Article

Distributions in Motion

Francisco H. G. Ferreira

in The Oxford Handbook of the Economics of Poverty

Published in print November 2012 | ISBN: 9780195393781
Published online December 2012 | | DOI: http://dx.doi.org/10.1093/oxfordhb/9780195393781.013.0014

Series: Oxford Handbooks

 Distributions in Motion

More Like This

Show all results sharing these subjects:

  • Economics
  • Health, Education, and Welfare
  • Economic Development and Growth

GO

Show Summary Details

Preview

This article examines the relationships among growth, poverty, and inequality. If poverty is measured via an absolute poverty line, then the change in the poverty rate can be decomposed into two components: the first depends on the growth rate of average income and the second depends on changes in inequality. This fact places a restriction on what we can learn from macroeconomic data. Cross-country macroeconomic studies only reveal correlations between the three measures. A “meso-economic” approach uses data on subnational units for individual countries to examine how growth across sectors (primary, secondary, and tertiary) of the economy affects poverty. An insight of this approach is that not all growth is the same. In many countries, the response of poverty to growth differs across sectors. Further disaggregation permits consideration of full distributions of income or consumption expenditures in order to uncover more systematic sources of distributional change over time by examining the incidence of growth at different points in the income (or wealth) distribution. The analytical tool used in this method is the growth incidence curve (GIC). Changes in poverty, growth, and inequality are all alternative aggregations of the information in the GIC.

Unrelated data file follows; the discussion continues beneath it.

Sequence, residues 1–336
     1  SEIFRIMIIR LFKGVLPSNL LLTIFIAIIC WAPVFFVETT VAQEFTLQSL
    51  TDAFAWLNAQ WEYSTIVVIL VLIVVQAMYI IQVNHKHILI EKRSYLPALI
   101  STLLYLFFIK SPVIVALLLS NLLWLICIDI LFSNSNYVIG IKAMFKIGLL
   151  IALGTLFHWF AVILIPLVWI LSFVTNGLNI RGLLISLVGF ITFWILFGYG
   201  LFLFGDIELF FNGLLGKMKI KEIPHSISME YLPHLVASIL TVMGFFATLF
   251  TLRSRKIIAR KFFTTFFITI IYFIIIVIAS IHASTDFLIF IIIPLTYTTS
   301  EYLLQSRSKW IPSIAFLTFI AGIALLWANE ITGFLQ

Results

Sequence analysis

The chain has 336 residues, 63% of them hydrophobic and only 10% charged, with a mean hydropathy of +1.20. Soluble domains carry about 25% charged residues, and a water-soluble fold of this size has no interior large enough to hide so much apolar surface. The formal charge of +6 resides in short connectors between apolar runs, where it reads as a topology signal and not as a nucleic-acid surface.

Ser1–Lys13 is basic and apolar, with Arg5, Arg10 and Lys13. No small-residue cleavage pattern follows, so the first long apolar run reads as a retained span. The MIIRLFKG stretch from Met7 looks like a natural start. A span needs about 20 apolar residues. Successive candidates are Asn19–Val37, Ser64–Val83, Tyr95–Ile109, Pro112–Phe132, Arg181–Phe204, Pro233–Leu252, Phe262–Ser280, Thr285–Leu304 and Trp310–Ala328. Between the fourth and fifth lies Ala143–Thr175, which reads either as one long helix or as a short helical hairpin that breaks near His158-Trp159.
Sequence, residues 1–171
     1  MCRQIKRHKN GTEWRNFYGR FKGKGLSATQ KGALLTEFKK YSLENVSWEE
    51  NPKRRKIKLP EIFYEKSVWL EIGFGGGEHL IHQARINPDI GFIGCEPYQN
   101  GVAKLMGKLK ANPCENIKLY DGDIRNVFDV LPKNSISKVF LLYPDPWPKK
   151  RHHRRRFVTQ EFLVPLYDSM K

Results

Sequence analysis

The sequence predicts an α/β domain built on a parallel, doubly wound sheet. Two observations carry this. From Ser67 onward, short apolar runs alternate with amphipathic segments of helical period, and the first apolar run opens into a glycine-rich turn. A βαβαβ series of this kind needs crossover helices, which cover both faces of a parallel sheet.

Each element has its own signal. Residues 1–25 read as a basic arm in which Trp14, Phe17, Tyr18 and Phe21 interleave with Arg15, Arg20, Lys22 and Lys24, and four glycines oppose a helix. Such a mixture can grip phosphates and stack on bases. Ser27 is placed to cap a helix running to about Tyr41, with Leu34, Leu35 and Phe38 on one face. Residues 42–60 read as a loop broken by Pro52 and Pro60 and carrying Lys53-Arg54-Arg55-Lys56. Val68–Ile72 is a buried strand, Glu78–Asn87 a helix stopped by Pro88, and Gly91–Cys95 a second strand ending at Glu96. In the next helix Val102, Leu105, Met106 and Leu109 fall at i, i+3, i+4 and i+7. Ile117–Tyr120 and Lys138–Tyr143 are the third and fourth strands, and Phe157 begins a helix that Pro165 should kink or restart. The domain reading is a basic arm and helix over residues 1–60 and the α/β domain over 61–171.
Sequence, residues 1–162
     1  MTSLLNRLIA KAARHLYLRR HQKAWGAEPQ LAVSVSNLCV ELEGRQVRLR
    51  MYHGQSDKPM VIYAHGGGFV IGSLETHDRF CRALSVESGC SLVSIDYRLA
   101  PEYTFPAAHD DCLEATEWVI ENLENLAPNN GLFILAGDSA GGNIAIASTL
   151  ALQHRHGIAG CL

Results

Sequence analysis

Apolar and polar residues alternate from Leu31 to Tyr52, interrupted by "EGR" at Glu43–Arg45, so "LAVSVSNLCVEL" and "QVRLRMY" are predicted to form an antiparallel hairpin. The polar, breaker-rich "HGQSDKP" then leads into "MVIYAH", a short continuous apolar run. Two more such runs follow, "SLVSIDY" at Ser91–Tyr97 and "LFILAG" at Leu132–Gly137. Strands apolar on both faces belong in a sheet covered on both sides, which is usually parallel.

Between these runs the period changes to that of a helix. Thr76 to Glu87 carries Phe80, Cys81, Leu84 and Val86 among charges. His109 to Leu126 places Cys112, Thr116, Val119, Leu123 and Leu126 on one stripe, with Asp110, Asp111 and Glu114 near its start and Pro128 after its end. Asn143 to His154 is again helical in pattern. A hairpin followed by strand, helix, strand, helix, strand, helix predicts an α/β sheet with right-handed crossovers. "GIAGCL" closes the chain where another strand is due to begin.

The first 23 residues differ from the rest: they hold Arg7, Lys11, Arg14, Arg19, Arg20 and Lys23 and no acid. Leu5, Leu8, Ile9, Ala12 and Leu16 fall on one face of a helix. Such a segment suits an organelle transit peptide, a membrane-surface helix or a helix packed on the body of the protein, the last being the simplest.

Keywords: poverty measures; poverty rates; income growth; growth incidence curve

Article.  14758 words. 

Subjects: Economics ; Health, Education, and Welfare ; Economic Development and Growth

Full text: subscription required

How to subscribe Recommend to my Librarian

Buy this work at Oxford University Press »

Users without a subscription are not able to see the full content. Please, subscribe or login to access all content.